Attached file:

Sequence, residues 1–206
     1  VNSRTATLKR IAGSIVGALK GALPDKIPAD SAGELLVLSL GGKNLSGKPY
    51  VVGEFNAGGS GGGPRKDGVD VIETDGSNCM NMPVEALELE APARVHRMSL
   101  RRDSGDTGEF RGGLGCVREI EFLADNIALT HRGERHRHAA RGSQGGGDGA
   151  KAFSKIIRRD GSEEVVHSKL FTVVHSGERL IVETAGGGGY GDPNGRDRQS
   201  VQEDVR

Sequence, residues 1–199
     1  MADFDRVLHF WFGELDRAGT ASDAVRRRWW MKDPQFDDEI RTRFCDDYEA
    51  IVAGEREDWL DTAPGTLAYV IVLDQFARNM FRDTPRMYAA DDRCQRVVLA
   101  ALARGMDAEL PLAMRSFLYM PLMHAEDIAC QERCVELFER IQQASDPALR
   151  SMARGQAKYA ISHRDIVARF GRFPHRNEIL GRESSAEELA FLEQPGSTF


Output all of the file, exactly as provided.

Sequence, residues 1–206
     1  VNSRTATLKR IAGSIVGALK GALPDKIPAD SAGELLVLSL GGKNLSGKPY
    51  VVGEFNAGGS GGGPRKDGVD VIETDGSNCM NMPVEALELE APARVHRMSL
   101  RRDSGDTGEF RGGLGCVREI EFLADNIALT HRGERHRHAA RGSQGGGDGA
   151  KAFSKIIRRD GSEEVVHSKL FTVVHSGERL IVETAGGGGY GDPNGRDRQS
   201  VQEDVR

Sequence, residues 1–199
     1  MADFDRVLHF WFGELDRAGT ASDAVRRRWW MKDPQFDDEI RTRFCDDYEA
    51  IVAGEREDWL DTAPGTLAYV IVLDQFARNM FRDTPRMYAA DDRCQRVVLA
   101  ALARGMDAEL PLAMRSFLYM PLMHAEDIAC QERCVELFER IQQASDPALR
   151  SMARGQAKYA ISHRDIVARF GRFPHRNEIL GRESSAEELA FLEQPGSTF